continues to appreciate the contributions we make to the regional and Ontario economy.
The last review of the economic impact of Ottawa International Airport was done in the Spring of 1996. Since
then, the full impact of Canada/USA Open Skies has been realized and of course the airline industry in
Canada has gone through a major structural change. Traffic growth during this time frame has been quite
strong, led by the technology industries in the Ottawa region and an overall healthy economy. We are
anxious to know how this has influenced the economic value of the Ottawa Airport.
To undertake this important study, we need your full cooperation. I would very much appreciate if you could
participate in the attached survey that I believe should not take very long for you to complete. The data
cannot be compiled and analyzed until everyone has submitted their information and therefore, in order for us
to complete the study as soon as possible, we ask that you complete and return the questionnaire by
Thursday, April 20th.
We appreciate that some of the information we need to collect may be of a sensitive nature. However, when
we publish the results, the data will only be displayed in an aggregate form, so that the figures for any
individual firm cannot be revealed, even implicitly.
We are being assisted by the same people that did the 1996 study. If you have any questions please do not
hesitate to contact me at 248-2088 or Martin Copeland at 799-3663 or e-mail ivc@vegacom.on.ca. Again, let
me thank you in advance for your cooperation on this very important study. We look forward to sharing the
results with all of you.

John Spinks
Vice President, Business Development & Marketing




        Summer 2000                                                                 Ottawa Airport Authority
The Economic Impact of the Ottawa Airport 2000              45



Appendix 3:
Calculation of Hours Per Person Year
         The following are details of calculations for the average number of hours per person year
         (full time equivalent):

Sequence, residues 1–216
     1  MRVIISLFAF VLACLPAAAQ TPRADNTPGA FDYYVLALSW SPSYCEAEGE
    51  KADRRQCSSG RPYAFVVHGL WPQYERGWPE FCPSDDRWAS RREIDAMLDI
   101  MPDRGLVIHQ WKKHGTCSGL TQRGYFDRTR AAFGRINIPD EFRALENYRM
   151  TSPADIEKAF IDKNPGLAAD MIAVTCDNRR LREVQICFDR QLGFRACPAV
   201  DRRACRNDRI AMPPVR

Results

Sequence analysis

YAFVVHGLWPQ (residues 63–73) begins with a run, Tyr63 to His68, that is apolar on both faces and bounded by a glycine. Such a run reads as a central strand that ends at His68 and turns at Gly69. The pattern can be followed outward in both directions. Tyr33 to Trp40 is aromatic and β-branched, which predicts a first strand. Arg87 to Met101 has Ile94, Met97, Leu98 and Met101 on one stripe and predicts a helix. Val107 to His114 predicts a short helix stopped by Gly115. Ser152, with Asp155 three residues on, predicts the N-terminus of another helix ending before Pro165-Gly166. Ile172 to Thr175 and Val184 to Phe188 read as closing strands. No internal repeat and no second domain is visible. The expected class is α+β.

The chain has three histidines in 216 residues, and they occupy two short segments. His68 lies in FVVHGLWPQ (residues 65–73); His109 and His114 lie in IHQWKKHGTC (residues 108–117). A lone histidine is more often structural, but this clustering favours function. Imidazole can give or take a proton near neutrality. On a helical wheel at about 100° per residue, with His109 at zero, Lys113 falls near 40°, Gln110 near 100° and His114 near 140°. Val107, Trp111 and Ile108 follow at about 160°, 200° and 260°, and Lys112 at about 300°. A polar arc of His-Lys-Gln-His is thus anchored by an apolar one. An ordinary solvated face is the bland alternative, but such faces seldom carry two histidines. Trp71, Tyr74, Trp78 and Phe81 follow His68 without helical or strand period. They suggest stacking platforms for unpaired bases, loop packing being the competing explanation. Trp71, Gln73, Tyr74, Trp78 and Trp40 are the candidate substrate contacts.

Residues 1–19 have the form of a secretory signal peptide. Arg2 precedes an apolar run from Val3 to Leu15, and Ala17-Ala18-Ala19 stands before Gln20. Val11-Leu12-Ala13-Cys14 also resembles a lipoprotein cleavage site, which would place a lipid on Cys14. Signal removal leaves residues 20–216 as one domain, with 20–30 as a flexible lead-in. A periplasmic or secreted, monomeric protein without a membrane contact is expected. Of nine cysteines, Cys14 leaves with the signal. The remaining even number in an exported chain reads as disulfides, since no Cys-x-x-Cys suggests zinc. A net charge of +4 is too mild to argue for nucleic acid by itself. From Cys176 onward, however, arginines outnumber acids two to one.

365                  days per year

                 Less:                (104)                weekend days

                                      (11)                 legal holidays

                                      (15)                 average vacation days

                                      (6)                  sick leave

                                      229                  days per person year

                                      *8                   hours per work day

                                      1,832 hours per person year




         Work days vary anywhere from 7 to 8 hours. However, in order to be conservative, an 8
         hour work day was assumed.17




         17 Essentially, we are using a measure of paid hours per year. Using a measure of productive hours per year with 6 1/2
         hour work days (8 hours less 1 hour for lunch and two 15 minute tea/coffee breaks) would give 1,495 hours per person
         year.




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The Economic Impact of the Ottawa Airport 2000   46




Appendix 4: Research Methodology
         The following lists the methodology used in various sections of the report to derive economic
         impacts.

         Person Years vs. Jobs: Distinguishing survey jobs from person years is necessary to
         obtain a true employment impact value for YOW. For example, an employment impact of
         200 jobs is not as significant if all of the jobs are part time, working 25 hours per week. To
         obtain person years from jobs, part time and seasonal employment needs to be equated to
         full time equivalents. As described in Appendix 3, one person year of employment is equal
         to 1,832 hours of work per year.

              Part time permanent person years were derived by multiplying individual firm part time
              hours per week (as reported in the survey) by 48 work weeks per year, divided by 1,832.
              Full time seasonal person years were derived by multiplying individual firm full time
              seasonal employees by 40 hours per week and by the number of seasonal weeks (as
              reported in the survey), divided by 1,832.
              Part time seasonal person years were derived by multiplying individual firm part time
              seasonal hours per week by the number of seasonal weeks (as reported in the survey),
              divided by 1,832.

         These person years were then added to the full time jobs reported by the survey to result in
         total YOW person years.

         Inferred Employment: Inferred employment calculations are discussed in detail in
         Appendix 6. Inferred employment was calculated by applying a firm-type average to the
         number of non-responding firms in each category. Averages were scaled down to obtain
         conservative results. The person years to jobs ratio of survey results was applied to scale